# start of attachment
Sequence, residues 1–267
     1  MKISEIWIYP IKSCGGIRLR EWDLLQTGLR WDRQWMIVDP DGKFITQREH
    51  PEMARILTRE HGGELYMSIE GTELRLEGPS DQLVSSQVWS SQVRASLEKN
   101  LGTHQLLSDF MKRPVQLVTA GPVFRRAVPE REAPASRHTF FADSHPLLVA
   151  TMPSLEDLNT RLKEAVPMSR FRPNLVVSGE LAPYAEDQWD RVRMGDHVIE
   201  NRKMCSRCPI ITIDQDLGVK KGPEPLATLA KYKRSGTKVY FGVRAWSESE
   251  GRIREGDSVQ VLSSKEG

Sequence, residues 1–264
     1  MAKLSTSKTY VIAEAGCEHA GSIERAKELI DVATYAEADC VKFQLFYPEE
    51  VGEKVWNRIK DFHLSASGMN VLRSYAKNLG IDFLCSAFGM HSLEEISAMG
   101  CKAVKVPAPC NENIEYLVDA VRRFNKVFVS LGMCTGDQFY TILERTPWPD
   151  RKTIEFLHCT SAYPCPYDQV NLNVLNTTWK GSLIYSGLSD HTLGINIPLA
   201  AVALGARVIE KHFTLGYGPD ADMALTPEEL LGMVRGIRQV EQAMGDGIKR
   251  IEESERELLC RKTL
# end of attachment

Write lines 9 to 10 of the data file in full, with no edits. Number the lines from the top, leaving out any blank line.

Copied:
     1  MAKLSTSKTY VIAEAGCEHA GSIERAKELI DVATYAEADC VKFQLFYPEE
    51  VGEKVWNRIK DFHLSASGMN VLRSYAKNLG IDFLCSAFGM HSLEEISAMG